The global tourism industry is expected to rebound to pre-COVID levels by 2023. This is great news for the industry, but bad news for the planet. Why? Because hotels have the highest energy intensity of all commercial real estate classes. An increasing number of hotel guests care about the green profile of the hotels they choose, which affects bookings as well as asset value. To retain a competitive edge and support global emissions targets by 2050, all existing hotel stock must begin transitioning to net zero carbon.
Schneider Electric, along with global hospitality leader IHG and internationally recognized cost consultant Gleeds, have contributed to a new research paper authored by the leading global design and consulting firm Arup. Arup explains, “This white paper tackles the net zero carbon challenge for existing hotels, using a real-life case study to demonstrate the impact of each stage in the journey. It sets out a high-level framework, prioritizing different interventions throughout the lifecycle.”
As there are very few resources currently available to help investors choose the best approach and calculate the financial investment required for their hotels to reach net zero, we feel the novel research presented in this paper will offer valuable and actionable guidance.
What is a net zero carbon hotel?
The Arup paper explains why hotels play such an important role in helping the globe meet the targets set out by the Intergovernmental Panel on Climate Change. The paper notes that the “Sustainable Hospitality Alliance found that the hotel industry needs to reduce its carbon emissions by 66% per room by 2030, and by 90% per room by 2050.”
The paper also offers a detailed definition for net zero carbon buildings which, based on the framework set out by the UK Green Building Council, comprises three aspects of emissions: operational energy, construction (‘embodied’ carbon), and whole-life carbon (including disposal).
A test case in sustainability
The research project used a typical holiday hotel in the UK as a test case, to explore opportunities to decarbonize and optimize operational energy toward achieving net zero carbon emissions in operation, while still delivering on guest comfort, and balancing operational savings with the costs of interventions. The ultimate goal was to develop a general logic and methodology that is transferrable to other hotels.
The research team first built a dynamic thermal model of the hotel, calibrating the model using real metered energy data. They then used the model to assess different types of interventions based on their potential to reduce carbon and their economic viability.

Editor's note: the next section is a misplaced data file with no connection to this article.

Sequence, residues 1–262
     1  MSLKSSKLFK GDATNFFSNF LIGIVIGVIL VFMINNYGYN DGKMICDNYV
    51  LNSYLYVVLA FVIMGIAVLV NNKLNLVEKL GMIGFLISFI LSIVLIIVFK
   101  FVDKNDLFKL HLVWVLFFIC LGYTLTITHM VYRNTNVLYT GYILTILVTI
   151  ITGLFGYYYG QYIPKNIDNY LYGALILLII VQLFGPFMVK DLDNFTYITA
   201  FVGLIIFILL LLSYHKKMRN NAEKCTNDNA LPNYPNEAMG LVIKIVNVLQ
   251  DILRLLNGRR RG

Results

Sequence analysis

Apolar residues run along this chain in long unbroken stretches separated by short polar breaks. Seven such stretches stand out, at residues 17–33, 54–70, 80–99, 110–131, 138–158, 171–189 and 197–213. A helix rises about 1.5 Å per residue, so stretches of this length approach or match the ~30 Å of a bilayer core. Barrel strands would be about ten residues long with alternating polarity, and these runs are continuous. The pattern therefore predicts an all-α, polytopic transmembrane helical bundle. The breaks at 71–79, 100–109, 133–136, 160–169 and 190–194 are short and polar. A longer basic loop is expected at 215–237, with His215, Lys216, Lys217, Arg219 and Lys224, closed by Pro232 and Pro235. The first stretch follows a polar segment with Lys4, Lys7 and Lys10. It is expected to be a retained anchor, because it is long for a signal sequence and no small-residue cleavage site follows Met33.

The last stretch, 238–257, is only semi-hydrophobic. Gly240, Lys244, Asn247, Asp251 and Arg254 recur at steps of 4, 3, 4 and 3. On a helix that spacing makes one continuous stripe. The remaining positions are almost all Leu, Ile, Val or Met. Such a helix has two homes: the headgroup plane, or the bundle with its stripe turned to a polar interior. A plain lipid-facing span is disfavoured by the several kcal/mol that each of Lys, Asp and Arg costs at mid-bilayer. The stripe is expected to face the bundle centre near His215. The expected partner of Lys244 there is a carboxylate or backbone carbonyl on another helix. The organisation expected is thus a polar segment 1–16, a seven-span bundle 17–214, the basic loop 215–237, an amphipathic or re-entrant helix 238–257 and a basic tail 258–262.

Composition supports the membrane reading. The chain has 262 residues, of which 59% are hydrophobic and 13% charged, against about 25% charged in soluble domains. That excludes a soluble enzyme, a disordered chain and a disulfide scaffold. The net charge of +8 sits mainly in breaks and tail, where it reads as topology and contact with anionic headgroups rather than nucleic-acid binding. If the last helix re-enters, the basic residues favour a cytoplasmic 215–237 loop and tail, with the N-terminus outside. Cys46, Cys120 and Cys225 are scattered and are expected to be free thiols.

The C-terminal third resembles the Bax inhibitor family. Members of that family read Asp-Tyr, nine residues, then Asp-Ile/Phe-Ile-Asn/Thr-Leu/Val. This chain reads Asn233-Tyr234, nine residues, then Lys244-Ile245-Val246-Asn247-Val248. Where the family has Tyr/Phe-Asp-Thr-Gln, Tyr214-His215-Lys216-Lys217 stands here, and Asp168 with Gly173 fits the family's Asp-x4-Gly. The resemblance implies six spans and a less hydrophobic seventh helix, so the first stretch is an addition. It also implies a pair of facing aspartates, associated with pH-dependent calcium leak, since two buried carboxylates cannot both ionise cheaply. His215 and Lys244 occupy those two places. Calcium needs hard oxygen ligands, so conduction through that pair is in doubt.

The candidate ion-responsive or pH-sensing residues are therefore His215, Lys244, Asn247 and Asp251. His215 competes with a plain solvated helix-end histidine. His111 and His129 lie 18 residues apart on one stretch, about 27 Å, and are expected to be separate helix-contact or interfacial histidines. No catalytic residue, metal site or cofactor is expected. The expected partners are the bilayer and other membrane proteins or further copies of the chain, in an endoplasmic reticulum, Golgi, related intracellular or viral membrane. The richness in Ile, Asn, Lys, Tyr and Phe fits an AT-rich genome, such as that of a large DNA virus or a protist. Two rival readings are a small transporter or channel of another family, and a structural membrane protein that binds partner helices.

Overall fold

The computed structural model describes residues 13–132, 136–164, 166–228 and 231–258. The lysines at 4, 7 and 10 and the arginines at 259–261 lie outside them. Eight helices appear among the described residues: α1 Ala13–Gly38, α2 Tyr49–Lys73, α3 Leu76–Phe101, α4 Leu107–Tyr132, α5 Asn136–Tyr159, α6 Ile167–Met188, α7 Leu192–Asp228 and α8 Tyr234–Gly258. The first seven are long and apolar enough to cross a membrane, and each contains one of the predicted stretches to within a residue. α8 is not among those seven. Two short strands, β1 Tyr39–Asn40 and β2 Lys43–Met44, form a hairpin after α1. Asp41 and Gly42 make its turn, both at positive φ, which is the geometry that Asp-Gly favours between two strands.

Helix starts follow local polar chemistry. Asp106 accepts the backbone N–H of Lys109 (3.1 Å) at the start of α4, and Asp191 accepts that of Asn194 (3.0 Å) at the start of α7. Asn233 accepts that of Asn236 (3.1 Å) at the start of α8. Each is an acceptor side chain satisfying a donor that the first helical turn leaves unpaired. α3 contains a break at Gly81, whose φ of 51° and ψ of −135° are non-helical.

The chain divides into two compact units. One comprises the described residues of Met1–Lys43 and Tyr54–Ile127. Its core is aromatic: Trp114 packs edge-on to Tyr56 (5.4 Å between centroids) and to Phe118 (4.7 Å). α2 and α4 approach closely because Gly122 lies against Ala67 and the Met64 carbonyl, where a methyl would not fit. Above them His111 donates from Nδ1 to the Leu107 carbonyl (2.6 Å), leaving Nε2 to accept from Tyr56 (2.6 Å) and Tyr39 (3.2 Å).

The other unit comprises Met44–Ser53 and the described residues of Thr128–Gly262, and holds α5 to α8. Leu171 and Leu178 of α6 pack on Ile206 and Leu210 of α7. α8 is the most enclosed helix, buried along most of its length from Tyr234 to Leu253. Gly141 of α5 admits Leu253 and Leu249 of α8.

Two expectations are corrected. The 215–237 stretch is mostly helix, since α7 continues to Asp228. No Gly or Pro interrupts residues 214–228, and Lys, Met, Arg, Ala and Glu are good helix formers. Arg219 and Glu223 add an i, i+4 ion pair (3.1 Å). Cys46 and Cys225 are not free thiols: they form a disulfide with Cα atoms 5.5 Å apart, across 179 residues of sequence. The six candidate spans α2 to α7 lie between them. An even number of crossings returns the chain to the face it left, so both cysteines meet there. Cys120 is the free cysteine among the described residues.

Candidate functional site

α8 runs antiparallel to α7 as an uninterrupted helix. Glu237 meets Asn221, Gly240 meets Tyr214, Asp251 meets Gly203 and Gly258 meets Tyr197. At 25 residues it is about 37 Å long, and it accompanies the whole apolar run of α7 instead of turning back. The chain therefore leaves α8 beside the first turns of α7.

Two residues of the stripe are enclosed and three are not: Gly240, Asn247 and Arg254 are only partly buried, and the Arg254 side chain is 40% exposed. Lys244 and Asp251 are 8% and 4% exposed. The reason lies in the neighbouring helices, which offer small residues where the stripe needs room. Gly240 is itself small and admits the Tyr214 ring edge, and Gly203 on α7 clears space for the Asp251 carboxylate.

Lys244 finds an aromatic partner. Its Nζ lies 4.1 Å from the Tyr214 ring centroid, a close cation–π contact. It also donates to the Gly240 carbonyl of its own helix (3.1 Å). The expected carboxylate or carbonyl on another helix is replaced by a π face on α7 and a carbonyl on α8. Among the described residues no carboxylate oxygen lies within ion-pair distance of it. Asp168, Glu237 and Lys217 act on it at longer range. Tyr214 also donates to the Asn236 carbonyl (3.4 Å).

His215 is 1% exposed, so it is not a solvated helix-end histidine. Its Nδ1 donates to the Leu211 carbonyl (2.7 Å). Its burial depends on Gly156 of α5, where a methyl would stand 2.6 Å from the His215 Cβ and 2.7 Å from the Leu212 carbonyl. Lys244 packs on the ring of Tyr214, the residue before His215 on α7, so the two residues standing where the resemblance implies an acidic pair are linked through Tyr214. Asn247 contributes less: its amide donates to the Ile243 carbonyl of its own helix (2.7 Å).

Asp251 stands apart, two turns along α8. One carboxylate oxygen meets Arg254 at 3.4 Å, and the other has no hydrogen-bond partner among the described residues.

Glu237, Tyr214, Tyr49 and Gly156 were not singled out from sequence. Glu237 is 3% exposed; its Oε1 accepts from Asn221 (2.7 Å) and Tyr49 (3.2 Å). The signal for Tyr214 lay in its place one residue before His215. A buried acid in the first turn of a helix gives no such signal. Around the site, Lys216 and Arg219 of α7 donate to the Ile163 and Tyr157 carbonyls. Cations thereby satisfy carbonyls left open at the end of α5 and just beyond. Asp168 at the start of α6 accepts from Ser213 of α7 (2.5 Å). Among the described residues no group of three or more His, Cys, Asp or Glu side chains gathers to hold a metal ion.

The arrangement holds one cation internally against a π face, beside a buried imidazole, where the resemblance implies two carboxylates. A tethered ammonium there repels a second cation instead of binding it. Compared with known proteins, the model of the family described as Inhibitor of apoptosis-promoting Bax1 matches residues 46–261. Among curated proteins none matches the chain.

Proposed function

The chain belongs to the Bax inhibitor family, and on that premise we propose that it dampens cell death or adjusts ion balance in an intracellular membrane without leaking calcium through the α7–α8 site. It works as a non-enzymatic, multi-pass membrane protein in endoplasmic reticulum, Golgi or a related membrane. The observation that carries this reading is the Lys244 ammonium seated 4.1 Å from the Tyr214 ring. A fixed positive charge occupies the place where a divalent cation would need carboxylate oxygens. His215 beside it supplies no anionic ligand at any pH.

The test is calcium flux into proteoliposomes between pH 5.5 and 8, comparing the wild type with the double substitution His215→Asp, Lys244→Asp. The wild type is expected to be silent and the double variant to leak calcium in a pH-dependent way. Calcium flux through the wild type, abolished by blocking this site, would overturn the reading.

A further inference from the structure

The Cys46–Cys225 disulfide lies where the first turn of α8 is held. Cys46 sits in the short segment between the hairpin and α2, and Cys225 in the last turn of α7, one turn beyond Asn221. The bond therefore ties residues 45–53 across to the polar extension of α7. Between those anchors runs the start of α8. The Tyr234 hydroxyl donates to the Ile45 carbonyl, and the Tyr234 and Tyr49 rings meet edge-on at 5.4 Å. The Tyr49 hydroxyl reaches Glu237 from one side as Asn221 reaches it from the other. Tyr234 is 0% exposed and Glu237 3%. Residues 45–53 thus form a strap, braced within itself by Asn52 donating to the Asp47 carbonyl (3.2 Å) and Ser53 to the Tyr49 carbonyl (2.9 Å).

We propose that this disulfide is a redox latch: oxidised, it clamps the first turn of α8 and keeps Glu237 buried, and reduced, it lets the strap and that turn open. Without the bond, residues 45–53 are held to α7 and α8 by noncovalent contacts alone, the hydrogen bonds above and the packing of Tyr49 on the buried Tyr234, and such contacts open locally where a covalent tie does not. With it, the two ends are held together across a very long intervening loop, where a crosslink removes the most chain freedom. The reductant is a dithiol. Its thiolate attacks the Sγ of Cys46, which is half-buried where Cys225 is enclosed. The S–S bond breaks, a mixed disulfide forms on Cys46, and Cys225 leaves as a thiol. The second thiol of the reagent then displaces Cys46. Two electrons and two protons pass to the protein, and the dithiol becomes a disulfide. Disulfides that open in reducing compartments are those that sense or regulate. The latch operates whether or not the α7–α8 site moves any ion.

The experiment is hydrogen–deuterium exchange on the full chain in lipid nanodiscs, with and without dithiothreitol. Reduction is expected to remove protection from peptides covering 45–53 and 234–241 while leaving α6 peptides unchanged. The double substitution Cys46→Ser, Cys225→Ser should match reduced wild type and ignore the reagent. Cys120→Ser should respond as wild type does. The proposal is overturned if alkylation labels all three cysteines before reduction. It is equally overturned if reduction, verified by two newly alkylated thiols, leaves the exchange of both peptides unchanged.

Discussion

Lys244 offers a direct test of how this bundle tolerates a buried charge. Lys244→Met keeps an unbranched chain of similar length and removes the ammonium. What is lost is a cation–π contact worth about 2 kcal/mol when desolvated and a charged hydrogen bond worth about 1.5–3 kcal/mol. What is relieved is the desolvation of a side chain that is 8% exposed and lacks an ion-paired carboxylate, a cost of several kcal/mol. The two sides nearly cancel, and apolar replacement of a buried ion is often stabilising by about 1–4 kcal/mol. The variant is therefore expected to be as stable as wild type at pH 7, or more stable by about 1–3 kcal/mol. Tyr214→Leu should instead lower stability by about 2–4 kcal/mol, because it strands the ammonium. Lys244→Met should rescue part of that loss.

With energy consumption typically representing up to 6% of a hotel’s operational costs, but around 60% of emissions, there is a big opportunity to improve efficiencies. With that in mind, the research primarily focuses on reducing operational energy, but also considers the embodied carbon impact of interventions. As Arup notes, “Reducing energy consumption is the best way to achieving net zero carbon in operation, alongside transitioning away from fossil fuels.”
Hotels of the Future: Focusing on the best opportunities
The paper investigates several key aspects of hotels affecting sustainability, including energy use and sources, building envelope (e.g. walls, windows, roofs, and floors), and services (e.g. catering, laundry, gyms, and pools).
The project first sets the scope of net zero for the hotel, considering how far and how fast, as well as annual suggested targets for UK hotels. The paper then explains how required data was gathered, including lifecycle timelines for equipment, and then plots a path to the target. To set the required performance baseline, steps were taken to understand how and when energy is used, revealing the largest consumers.
The paper then goes on to discuss the major categories of actions investigated, each section detailing potential carbon reduction and cost savings:
- Control and monitor – The team shows how optimizing operations (e.g. how rooms are booked, schedule of heating and cooling, etc.) is the most cost-effective and easiest way to reduce consumption and cut carbon, resulting in a potential 19% savings.
- Passive measures – This involves improving the thermal performance of the building fabric.
- Active measures – This includes electrification of loads, e.g. switching from gas-powered heating equipment to lower-carbon electricity, as well as upgrades like heat pumps, etc.
- Transition to low carbon energy – Generating renewable energy on-site can help reduce carbon footprint, save costs, and help decarbonize the national grid by shifting demand.
- Certified offsets – This involves sourcing quality certified offsets for what remains.
- Embodied carbon – Beyond achieving net zero carbon by optimizing operations and upgrading, this step considers how refurbishment compares with total replacement in terms of embodied carbon.
Embracing these potential actions for carbon reduction, hotels of the future will use more autonomous and proactive approaches to achieving their sustainability, operational, and guest satisfaction goals over the entire life cycle of their property assets. To learn more, download the white paper “Transforming Existing Hotels to Net Zero Carbon.” Also discover how EcoStruxure for Hotels solutions and the EcoStruxure Connected Room Solutions for Hotels can help hotel owners further reach their sustainability, efficiency, resilience, and people-centric goals.